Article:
Only new charter can ‘help’ Turkey’s image

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Accomplishing the new constitution could repair Turkey’s tarnished image over ongoing Gezi Park protests, the Parliament Speaker has said, adding the inter-party commission could conclude writing of the rest of the charter in the last 15 days.

“It’s been 17 days. Turkey is facing an incredible campaign. These developments widely damaged Turkey’s image. The best answer to give to this campaign (depicting Turkey) as if its democracy is artificial and fundamental rights and freedoms are at stake, is the new constitution,” Parliament Speaker Cemil Çiçek told at a conference held at the USAK (International Strategic Research Organization), an Ankara-based think-tank Thursday.

“If we can make the new constitution, we’ll be able to demonstrate that we are giving up neither the democracy nor the republic,” he stressed, adding “If our four parties can succeed to produce a common text, those in Taksim (protestors of the Gezi Park) and elsewhere will have to respect it.”

Recalling that peaceful demonstrations were under constitutional guarantee as long as they do not turn into violent incidents threatening the public order, Çiçek said “More room should be given to fundamental rights and freedoms. But demands for rights and freedoms should not be made in an unlawful way. Whatever constitution should it be, it has to reject violent methods to demand for more rights.”

Giving substantial information on the constitution-making process, Çiçek said the four-party commission concluded writing of 45 articles but “the sun was set to go down” for the compromised charter.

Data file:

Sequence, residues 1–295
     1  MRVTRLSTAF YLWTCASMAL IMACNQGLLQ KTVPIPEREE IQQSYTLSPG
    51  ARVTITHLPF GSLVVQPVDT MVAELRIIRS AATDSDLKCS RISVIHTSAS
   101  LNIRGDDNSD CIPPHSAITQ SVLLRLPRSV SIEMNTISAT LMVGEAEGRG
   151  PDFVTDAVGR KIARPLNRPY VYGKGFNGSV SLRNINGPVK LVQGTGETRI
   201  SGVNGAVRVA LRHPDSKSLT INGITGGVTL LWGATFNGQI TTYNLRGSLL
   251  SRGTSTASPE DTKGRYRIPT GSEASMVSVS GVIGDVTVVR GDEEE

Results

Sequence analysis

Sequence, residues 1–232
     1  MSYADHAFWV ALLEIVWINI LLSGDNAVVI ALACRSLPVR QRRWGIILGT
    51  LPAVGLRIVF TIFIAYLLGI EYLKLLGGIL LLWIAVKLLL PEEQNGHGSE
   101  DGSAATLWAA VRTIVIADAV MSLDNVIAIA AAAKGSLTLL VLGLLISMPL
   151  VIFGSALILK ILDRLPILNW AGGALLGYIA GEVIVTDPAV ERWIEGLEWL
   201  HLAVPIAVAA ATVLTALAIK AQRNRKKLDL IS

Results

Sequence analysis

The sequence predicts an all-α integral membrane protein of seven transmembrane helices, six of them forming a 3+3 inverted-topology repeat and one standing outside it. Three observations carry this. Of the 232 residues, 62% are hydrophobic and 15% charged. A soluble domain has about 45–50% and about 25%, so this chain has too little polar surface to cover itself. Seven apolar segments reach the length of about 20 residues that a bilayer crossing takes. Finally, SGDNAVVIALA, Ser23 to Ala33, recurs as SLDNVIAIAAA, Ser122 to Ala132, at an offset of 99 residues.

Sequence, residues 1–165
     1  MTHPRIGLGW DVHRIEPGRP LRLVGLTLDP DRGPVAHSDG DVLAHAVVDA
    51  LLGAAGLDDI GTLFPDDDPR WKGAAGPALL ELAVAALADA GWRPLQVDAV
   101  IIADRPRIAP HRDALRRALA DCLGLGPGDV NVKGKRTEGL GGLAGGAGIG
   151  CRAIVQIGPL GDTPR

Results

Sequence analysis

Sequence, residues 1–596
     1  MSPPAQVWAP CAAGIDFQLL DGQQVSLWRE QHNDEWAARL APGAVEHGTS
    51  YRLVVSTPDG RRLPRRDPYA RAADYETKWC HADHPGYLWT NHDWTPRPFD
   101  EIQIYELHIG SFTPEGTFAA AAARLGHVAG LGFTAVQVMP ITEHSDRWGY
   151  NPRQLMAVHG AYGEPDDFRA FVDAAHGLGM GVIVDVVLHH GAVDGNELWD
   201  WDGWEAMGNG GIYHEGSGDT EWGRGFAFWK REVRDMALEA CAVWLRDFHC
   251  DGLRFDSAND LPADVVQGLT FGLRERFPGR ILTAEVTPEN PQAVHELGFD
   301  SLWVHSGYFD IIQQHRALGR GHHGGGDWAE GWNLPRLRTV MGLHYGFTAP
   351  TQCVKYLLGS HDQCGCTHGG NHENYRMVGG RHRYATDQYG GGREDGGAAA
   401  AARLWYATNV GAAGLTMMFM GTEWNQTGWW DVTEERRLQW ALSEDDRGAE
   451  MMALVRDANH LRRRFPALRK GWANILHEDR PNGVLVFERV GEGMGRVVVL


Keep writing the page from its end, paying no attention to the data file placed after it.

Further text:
Regime debate to flare after 2014

“Give it to my optimism. But I am of the opinion that we can come to a point in 15 days,” he stressed, if the commission would accelerate its work. The most important question before the new constitution seems to be the government’s insistence in changing the administrative system into the presidential system, according to the opposition parties. When asked about this concern, Çiçek said not all of articles of the charter were related with the system and the commission should first better conclude its parts non-related with the presidential system.

“I believe we can conclude articles that have nothing to do with the system. For example, fundamental rights and freedoms, the functions of the judiciary and even some functions of the legislation could be complete if the commission intensifies its work,” the speaker said.

The junta-made current constitution has a negative effect on political and legal stability of the country and that’s why all political parties pledged to renew it, Çiçek said, “New constitution is a must.”

The parameters of Turkish political system will be changed following the popular election of the next president in August 2014 and opposition-government balance will be replaced by president-prime minister balance, Çiçek said, adding amending the constitution has become a must in order to prevent regime discussions in Turkey.

If we cannot succeed in making the new constitution we will risk to have our charisma damaged, Çiçek said, “If we cannot make it, we will counted as politicians who could not renew the constitution written by five generals. I should underline this point: If we fail in this, the office of the Parliament Speaker cannot be found blamable .”

Lack of democratic culture

As a veteran politician, Çiçek expressed important observations and his findings about the lack of democratic and political culture in Turkey. The parliament speaker described Tuesday parliamentary group meetings of the political parties as the main obstacle before developing a political and democratic culture in Turkey. “The culture of compromise and tolerance do exist in the society but not among the politicians and intellectuals,” he stressed.

Existing political culture in Turkey categorizes compromise as political weakness, changes in political stance as “ideological betrayal”, according to Çiçek who added “We have no culture of compromise. We have it in the society but not among the intellectual or political circles. As the Parliament, we do not constitute a good example for the rest of the country.”

 

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